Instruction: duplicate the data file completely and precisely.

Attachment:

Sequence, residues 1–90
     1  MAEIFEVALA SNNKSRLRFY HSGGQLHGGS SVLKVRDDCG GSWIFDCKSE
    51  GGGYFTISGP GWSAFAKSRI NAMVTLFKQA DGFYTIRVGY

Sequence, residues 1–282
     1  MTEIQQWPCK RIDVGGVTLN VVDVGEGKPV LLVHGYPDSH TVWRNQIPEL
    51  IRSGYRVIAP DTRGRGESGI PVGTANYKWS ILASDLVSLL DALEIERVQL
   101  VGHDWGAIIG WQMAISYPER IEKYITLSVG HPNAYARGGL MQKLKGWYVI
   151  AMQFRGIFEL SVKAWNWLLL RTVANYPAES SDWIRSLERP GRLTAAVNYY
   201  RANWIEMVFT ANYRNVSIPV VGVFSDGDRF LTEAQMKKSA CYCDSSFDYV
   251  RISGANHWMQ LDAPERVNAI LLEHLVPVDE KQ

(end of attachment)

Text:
Sequence, residues 1–90
     1  MAEIFEVALA SNNKSRLRFY HSGGQLHGGS SVLKVRDDCG GSWIFDCKSE
    51  GGGYFTISGP GWSAFAKSRI NAMVTLFKQA DGFYTIRVGY

Sequence, residues 1–282
     1  MTEIQQWPCK RIDVGGVTLN VVDVGEGKPV LLVHGYPDSH TVWRNQIPEL
    51  IRSGYRVIAP DTRGRGESGI PVGTANYKWS ILASDLVSLL DALEIERVQL
   101  VGHDWGAIIG WQMAISYPER IEKYITLSVG HPNAYARGGL MQKLKGWYVI
   151  AMQFRGIFEL SVKAWNWLLL RTVANYPAES SDWIRSLERP GRLTAAVNYY
   201  RANWIEMVFT ANYRNVSIPV VGVFSDGDRF LTEAQMKKSA CYCDSSFDYV
   251  RISGANHWMQ LDAPERVNAI LLEHLVPVDE KQ